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Johnson moved by visit to Moore
For Jimmie Johnson, the tornado that hit Moore, Okla., on May 20 was a little too close to home.
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Johnson’s wife Chandra grew up in Muskogee, Okla., about two hours to the east of the hard-hit area. But before Johnson witnessed on Thursday the devastation of the EF5 tornado, he had already earmarked his winnings from last Sunday’s Coca-Cola 600 to disaster relief.
After touring the site's remains, the five-time Sprint Cup champ acknowledged he was “shocked and floored” by what he saw.
“Everyone says that television doesn’t do it justice and we were able to go in person and see the damage and what a tornado can do,” Johnson said. “Man, it really got my attention.
“To meet people who were in their homes; I met a child that was in one of those schools and I could still see on his face and in his eyes the fear that he had and he still looked like that today. It really hits you deep to meet the people, see the damage and some ways kind of imagine in your mind what they went through.”
While the Jimmie Johnson Foundation generally focuses on children’s charities, the driver relied on his associations within the area to ascertain the “immediate demands.” Johnson had a better idea of where to distribute the funds after Thursday’s visit to the Lowe’s store in Moore to dispense relief supplies.
"I have some great friends in the area that have a very good pulse on where the demands are and where the immediate demands are," Johnson said. "(Football coach) Bob Stoops from the University of Oklahoma has been great for me (plus) Lowe’s and their representatives in the area . . . I really feel like something will come to us.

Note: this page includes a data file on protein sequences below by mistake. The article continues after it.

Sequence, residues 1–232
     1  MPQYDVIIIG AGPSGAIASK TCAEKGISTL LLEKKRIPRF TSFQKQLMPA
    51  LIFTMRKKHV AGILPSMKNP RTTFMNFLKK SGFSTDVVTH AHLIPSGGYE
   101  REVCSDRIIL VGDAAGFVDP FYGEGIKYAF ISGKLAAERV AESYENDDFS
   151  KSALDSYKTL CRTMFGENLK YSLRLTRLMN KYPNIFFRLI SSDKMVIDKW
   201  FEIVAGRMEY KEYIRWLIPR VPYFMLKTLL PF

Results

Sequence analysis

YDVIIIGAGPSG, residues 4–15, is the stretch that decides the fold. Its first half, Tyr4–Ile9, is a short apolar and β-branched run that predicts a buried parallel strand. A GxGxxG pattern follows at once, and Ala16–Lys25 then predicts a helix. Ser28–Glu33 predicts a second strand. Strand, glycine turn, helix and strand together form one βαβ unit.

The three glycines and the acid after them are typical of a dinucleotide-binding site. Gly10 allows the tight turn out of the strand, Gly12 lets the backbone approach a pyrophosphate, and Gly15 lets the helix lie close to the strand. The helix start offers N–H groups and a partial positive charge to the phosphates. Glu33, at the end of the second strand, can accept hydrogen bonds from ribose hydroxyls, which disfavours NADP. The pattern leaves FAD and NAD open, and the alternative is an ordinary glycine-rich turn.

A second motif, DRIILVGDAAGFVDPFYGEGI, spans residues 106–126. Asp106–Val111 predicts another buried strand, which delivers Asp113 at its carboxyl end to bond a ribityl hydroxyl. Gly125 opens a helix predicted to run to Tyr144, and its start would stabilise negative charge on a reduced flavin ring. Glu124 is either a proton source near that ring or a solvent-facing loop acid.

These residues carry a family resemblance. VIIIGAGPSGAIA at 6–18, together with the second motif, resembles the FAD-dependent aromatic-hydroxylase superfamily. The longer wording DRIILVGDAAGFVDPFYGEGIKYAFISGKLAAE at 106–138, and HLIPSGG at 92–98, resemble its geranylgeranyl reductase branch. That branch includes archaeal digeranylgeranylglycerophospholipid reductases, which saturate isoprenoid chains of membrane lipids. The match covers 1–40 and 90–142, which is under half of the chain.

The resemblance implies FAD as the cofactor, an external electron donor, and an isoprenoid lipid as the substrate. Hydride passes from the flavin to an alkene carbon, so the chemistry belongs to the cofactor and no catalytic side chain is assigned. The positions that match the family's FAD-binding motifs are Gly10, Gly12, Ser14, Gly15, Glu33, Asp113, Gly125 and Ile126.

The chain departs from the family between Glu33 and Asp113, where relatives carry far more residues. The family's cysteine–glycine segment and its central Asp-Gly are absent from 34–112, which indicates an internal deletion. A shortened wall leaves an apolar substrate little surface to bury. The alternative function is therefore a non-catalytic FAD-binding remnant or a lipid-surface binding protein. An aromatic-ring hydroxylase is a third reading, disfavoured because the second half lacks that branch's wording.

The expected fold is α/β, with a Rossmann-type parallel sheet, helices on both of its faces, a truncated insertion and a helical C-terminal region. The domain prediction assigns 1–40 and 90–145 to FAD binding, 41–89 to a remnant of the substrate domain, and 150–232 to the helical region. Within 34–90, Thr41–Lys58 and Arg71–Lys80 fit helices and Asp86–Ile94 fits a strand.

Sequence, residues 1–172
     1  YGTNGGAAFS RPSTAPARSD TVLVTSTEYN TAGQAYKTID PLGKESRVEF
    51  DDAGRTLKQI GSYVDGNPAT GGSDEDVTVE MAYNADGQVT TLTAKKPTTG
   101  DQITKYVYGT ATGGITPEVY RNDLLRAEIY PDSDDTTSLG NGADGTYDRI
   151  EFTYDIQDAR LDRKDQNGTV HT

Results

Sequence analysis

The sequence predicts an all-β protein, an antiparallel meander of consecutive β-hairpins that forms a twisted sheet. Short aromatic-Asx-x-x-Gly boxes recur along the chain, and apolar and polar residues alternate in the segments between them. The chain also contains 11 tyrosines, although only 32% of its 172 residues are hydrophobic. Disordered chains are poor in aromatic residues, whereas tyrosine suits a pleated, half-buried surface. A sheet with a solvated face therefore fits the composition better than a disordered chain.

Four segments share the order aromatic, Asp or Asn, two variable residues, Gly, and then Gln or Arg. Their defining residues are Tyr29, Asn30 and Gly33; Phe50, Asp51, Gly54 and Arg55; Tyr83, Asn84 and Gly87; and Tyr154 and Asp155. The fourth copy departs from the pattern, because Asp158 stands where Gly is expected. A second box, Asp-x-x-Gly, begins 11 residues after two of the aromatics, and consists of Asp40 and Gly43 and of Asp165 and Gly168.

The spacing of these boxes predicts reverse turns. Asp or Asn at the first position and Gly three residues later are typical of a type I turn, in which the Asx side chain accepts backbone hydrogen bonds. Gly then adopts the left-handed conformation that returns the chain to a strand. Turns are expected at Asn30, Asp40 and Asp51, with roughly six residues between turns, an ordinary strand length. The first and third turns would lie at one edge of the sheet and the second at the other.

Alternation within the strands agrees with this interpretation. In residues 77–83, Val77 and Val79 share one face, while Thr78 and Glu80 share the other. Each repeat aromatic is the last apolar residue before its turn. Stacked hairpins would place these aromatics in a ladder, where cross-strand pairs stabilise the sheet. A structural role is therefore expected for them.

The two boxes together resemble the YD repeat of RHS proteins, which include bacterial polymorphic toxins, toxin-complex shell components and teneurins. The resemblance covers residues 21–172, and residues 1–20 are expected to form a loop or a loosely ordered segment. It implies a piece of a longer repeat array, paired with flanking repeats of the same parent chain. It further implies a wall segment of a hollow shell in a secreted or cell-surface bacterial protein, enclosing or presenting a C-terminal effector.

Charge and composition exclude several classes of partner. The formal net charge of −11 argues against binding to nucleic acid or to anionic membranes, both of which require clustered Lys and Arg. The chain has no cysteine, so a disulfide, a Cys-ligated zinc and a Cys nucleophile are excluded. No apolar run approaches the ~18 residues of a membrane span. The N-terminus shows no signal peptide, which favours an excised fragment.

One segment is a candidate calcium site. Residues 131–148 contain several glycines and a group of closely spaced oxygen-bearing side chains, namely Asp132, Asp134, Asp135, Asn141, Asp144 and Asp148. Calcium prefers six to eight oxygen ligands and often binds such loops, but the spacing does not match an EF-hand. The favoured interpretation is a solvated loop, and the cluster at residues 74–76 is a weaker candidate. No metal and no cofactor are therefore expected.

“Really, when we were there, everyone we met was so thankful for the support, and talked about how many supplies have been brought in and how many people have come from other states and just showed up and put food and drink on the street corners in different areas. Like Lowe’s was a base camp essentially, for people to come to and charge cell phones and get phones and food and drink.
"Obviously, inside the store there (are) cleaning supplies and that stuff. So, I think as the next month develops there will be a cause that really stands out to us.”
Lowe’s, Johnson’s sponsor on the No. 48 NASCAR Sprint Cup Chevrolet, matched the driver’s contribution of his 600 winnings and donated an additional $500,000 to the American Red Cross.
As Johnson returns to Dover International Speedway this weekend — a track where he leads all current drivers with seven victories — he realizes facing the Monster Mile can’t compare to the catastrophes that have hit the area known as Tornado Alley this spring.
“I grew up where the ground shook in Southern California (with earthquakes) and was always petrified of tornadoes,” Johnson said. “Marrying Chani and being in the beltway for tornadoes, I’m scared every time we go home to visit. We had to leave yesterday and get out of there as fast as we could because one was coming, or storms were coming, and there ended up being a couple.
“And it was odd because I got on the plane to fly out and I’m leaving my family behind. They’re staying there with Chani’s parents this weekend. So I’m like ‘Oh, my gosh, I’m so torn because there’s something bad coming but I’m leaving my girls behind.'”